- Associated Press - Wednesday, February 5, 2014

MONTPELIER, Vt. (AP) - A U.S. House committee that has been sharply critical of the federal Affordable Care Act directed some of its ire at the defunct Vermont Health CO-OP in a report issued Wednesday.

The report from the House Committee on Reform and Government Oversight said the Vermont Health CO-OP, which dissolved in September after failing to get a state license, cost taxpayers $4.5 million and was an example of lax federal oversight of co-ops set up under the health care law.

The report cited a state review that found conflicts of interest in the CO-OP’s leadership, a low likelihood that it could gain its footing financially, and the compensation of its board chairman, Mitchell Fleischer.

Fleischer was paid $126,000, versus the $28,900 paid to the board chairman of the much larger Blue Cross Blue Shield of Vermont. The state Department of Financial Regulation also criticized Fleischer’s salary.

Both the house committee and state agency cited the CO-OP’s selection of Fleischer’s company, Fleischer Jacobs & Associates, to market CO-OP products as a conflict of interest.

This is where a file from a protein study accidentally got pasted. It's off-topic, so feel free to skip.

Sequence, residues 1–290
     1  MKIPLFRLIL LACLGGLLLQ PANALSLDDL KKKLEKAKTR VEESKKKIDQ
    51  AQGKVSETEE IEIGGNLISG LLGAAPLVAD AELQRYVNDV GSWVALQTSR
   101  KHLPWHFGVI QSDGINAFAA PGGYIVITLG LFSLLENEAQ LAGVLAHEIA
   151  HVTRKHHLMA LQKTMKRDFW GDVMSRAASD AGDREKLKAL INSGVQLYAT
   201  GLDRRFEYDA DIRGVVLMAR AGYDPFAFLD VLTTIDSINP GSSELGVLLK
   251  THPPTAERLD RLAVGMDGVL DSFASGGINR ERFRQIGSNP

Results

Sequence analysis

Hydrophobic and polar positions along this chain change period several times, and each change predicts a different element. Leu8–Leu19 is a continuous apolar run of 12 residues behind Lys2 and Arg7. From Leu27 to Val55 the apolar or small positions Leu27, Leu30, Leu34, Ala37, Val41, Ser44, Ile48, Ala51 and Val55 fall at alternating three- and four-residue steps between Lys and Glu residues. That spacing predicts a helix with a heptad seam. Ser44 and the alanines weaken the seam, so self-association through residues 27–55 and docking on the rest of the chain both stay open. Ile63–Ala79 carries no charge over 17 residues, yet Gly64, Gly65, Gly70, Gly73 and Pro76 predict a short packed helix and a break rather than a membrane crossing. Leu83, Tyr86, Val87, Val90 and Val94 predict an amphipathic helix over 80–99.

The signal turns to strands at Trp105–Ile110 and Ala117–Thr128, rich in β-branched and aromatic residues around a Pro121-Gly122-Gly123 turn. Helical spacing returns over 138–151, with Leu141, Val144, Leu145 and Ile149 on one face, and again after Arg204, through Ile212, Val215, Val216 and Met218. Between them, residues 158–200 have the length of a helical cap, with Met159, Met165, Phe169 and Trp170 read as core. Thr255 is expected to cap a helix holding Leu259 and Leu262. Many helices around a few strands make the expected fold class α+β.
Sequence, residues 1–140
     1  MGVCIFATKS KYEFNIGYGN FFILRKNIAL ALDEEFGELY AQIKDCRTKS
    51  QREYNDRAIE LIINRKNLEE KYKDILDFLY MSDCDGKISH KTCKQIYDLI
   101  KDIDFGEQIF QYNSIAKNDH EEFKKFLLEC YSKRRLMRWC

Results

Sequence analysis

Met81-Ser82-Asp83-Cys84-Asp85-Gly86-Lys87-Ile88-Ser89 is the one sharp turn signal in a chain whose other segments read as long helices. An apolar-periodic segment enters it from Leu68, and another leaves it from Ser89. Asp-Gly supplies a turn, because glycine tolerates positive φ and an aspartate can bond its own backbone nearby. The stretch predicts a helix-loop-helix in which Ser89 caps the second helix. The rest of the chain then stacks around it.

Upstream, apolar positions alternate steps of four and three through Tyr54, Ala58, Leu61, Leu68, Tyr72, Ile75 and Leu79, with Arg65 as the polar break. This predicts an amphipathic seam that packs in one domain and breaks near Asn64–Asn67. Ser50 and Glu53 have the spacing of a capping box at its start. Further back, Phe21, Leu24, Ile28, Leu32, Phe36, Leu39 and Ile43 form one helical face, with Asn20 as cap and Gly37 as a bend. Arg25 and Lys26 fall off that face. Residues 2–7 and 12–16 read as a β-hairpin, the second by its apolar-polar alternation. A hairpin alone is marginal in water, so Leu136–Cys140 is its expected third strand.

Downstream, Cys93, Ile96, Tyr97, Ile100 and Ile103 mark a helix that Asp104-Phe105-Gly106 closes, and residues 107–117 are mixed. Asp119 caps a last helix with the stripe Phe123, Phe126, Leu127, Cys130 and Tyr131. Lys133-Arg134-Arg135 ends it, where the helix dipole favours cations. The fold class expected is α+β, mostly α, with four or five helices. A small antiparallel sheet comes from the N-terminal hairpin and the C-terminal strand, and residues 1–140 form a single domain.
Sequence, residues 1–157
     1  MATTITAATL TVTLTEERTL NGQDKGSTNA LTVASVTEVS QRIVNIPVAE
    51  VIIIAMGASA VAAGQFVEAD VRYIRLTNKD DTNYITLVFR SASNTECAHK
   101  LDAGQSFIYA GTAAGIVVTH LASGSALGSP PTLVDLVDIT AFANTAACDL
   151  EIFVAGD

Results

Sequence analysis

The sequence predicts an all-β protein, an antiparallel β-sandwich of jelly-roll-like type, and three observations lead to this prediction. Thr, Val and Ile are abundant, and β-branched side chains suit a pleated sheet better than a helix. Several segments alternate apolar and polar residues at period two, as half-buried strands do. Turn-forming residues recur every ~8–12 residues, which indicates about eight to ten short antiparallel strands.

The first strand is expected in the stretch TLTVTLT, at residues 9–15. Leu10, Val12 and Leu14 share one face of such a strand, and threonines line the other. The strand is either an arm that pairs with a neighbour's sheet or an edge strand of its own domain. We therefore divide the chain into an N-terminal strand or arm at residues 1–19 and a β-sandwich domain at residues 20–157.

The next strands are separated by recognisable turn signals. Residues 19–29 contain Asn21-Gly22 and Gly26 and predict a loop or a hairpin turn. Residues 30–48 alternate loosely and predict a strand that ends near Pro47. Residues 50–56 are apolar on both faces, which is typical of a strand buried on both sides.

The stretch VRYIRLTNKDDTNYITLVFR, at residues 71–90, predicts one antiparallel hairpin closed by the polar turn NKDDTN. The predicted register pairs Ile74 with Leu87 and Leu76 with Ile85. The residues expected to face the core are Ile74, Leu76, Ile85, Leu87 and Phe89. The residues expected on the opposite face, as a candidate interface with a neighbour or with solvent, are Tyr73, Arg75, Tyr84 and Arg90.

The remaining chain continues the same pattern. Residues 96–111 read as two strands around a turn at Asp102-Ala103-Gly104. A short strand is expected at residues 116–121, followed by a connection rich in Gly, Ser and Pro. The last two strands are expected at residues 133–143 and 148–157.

The committee said CO-OP executives were “not well-qualified for their positions,” and seconded the state’s finding that the CO-OP’s pricing for its insurance products would made it uncompetitive with other Vermont insurers.

The committee report also criticized the CO-OP’s efforts to lobby Gov. Peter Shumlin and other officials to win state approval.

The federal government recouped or had not yet paid out most of the $34 million the CO-OP was originally supposed to get, but the report said the government gave the CO-OP about $4.5 million. It blamed the federal Centers for Medicare and Medicaid Services for lax oversight.

“The story of the Vermont Health CO-OP is a cautionary tale of how excessive risk, serious conflicts of interest, and inexperience escaped the attention of CMS,” the committee report said. Without diligent state oversight, “it is entirely possible that American taxpayers could have lost far more than $4.5 million.”

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